The Respondents (Appellant before CESTAT) had filed exbills of entry seeking clearance of lactose against Duty Free Import Authorization licence (for short "DFIA Licence") 0310597347, dated 18-10-2010 issued against export of biscuits and against DFIA licence No. 0310662278, dated 25-10-2010 against export of Metamitron. Sugar is permissible as one of the inputs allowed to be imported against the export of biscuits under Standard Input-Output Norms (for short "SION") vide Serial No.E-5 of (SION). The norms do not refer to any particular category of sugar and it has been the respondent's understanding that lactose was eligible to be imported duty free against DFIA presented by the respondents. A Policy Circular No. 13/2011, dated 31st January 2011 was issued by the Director General of Foreign Trade (for short "DGFT") which clarified that import of Lactose/Mannitol Sodium Saccharine and other artificial sweetening agent is not allowed under SION E-5 input against Sl. No. 2, i.e. sugar. The respondents justified their claim for duty free clearance against the DFIA. The respondents took the plea before the Adjudicating Authority that the licence had been issued prior to the said circular being issued and hence was inapplicable in the case of the respondents. The respondents requested for release of the imported goods by claiming the benefit of Notification No. 98/2009. The respondents vide their letter dated 1-5-2013 waived issuance of show cause notice and requested for personal hearing in the matter to decide the same on merits. A personal hearing was allowed, wherein the consultant of the respondents appeared and made submissions which were similar to those contained in letter dated 30-4-2013 addressed by the respondents. The consultant of the respondents submitted that the DFIA licence submitted by them allows input "Sugar" and as per DGFT vide clarification letter dated 31-7- 2008 it was stated that "sugar in the form of lactose can be imported against DFIA licence for import of sugar". The same was clarified in Board Circular 46/2007, dated 20-12-2007 and DGFT's Policy Circular dated 6-1-2009. The DGFT Policy Circular dated 24-3-2009 gave the exporter flexibility to import the alternative input/product mentioned in the SION. The licence being issued prior to the amending Circular dated 31-1-2011 made the said circular inapplicable and the import of lactose should be allowed under the DIFA licence. This plea of the respondents was not accepted by the Adjudicating Authority, who held that the respondents were not liable to import lactose in terms of the DGFT Circular dated 31-3-2011, as relevant date for determining the applicability of the licence is the date of the Bill of Lading/Airway Bill and therefore the Policy Circular which was issued prior thereto is very much applicable. The Adjudicating Authority by two orders dated 10-5-2013 did not extend the benefit of duty free import for the imported goods. The respondents being aggrieved by the two orders dated 10-5-2013, preferred two appeals before the Commissioner of Customs (Appeals). The Commissioner of Customs (Appeals) vide common order-in-appeal dated 11-5-2013, rejected the appeals filed by the Respondents. The Respondents being aggrieved by the order, preferred Appeals before CESTAT. The CESTAT by the impugned order dated 15-6-2015 held that the Circular dated 31-1-2011 was not applicable and placed its reliance upon the judgment of the Madras High Court in the case of Hoewitzer Organics Chemical v. D.G.F.T., New Delhi reported in 2013 (294) E.L.T. 7 (Mad.) which held that the Policy Circular dated 31-1-2011 does not apply to a valid licence e, already issued prior thereto. It was held that clarification issued by the Ministry of Commerce dated 31-7-2008 and the DGFT Policy Circular dated 24-3-2009 were issued prior to issuance of licence dated 15-4-2010 and extended the benefit of flexibility to import the alternative input/product mentioned in the SION and hence the subsequent circular issued after the grant of licence cannot be applicable to the goods imported under the licence. The CESTAT accordingly held that the import of lactose against entry "sugar" listed in the DFIA dated 25-10-2011 issued against export of Metmitron is definitely not restricted by the Circular dated 31-1-2011. The CESTAT accordingly, held that the respondents are entitled to the benefit of the Notification No. 98/2009-Cus. in terms of the DFIA presented to the Customs and set aside the order of the Adjudicating Authority, Commissioner of Customs (Appeals). The appellant being aggrieved by the impugned order has preferred the present appeal.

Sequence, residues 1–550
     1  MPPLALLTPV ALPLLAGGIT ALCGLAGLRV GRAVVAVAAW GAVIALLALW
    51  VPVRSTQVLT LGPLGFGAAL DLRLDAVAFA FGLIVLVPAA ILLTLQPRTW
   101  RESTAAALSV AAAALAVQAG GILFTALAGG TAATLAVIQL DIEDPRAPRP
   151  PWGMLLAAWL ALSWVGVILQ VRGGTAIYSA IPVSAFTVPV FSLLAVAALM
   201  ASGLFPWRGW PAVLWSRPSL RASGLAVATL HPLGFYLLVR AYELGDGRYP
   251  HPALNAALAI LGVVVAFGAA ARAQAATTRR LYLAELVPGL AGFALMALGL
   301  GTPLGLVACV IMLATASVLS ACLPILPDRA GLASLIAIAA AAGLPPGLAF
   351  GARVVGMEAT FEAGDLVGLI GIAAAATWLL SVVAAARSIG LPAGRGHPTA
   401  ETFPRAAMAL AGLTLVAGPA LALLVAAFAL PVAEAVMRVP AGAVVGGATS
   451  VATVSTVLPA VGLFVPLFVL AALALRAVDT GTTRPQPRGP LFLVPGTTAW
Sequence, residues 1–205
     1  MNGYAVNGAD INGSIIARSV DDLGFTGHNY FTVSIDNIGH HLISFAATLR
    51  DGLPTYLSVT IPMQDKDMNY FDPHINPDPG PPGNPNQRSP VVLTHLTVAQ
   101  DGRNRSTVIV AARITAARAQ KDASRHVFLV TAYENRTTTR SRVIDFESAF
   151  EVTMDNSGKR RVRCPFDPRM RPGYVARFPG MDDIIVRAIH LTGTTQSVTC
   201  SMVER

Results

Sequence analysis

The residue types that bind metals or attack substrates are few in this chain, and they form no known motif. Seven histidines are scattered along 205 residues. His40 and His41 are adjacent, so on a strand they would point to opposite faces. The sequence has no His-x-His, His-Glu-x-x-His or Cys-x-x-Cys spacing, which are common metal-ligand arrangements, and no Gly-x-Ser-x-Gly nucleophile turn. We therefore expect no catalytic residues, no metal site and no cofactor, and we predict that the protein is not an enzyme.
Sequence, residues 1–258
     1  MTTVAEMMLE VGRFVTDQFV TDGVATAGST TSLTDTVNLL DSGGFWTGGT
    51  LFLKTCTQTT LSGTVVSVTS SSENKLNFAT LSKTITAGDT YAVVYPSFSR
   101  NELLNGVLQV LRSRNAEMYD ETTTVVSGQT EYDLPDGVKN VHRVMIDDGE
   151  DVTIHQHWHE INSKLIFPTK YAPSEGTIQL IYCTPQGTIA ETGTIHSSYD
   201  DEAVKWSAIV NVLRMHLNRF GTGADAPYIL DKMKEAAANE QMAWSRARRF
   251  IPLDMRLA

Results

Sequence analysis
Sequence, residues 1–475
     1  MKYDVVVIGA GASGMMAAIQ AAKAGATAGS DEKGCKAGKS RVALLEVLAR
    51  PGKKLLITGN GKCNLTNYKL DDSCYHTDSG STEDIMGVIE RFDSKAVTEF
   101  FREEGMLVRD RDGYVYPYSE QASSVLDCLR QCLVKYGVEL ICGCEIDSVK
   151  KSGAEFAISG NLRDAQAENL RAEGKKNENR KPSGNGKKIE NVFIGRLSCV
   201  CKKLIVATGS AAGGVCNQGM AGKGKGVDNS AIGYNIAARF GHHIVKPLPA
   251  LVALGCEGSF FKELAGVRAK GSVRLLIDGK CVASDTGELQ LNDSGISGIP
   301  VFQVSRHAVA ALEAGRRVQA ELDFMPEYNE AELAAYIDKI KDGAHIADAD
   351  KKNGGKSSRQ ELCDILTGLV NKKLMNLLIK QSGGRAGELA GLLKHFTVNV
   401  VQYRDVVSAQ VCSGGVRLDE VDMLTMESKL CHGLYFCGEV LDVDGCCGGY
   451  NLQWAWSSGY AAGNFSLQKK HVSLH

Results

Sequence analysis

(2.) Mr. Jetly, learned Counsel for the appellant has submitted that the impugned order has arrived at an erroneous finding by placing reliance upon the judgment of the Madras High Court in the case of Hoewitzer Organics Chemical (supra), as the facts therein were different from that of the present case. Mr. Jetly has submitted that the case decided by the Madras High Court was in relation to the said circular being issued subsequent to the date on which the licence was issued. In the present case the licence was transferred on 18-2-2011 i.e. after the change in policy by issuance of Circular dated 31-1-2011. Hence, the judgment of the Madras High Court would be applicable to the facts of the present case. Mr. Jetly has contended that the change in policy was known to the respondents at the time when they had imported the input viz lactose and claimed the import to be duty free. The respondents are eligible to import lactose against DFIA according to the changed policy as lactose was admittedly used as an ingredient in the export products. Mr. Jetly has accordingly submitted that the impugned order of CESTAT be set aside as it has erroneously held that the respondents are entitled to the benefit of Notification No. 98/2011, dated 11-9-2009, which provides for Duty Fee Import Authorization.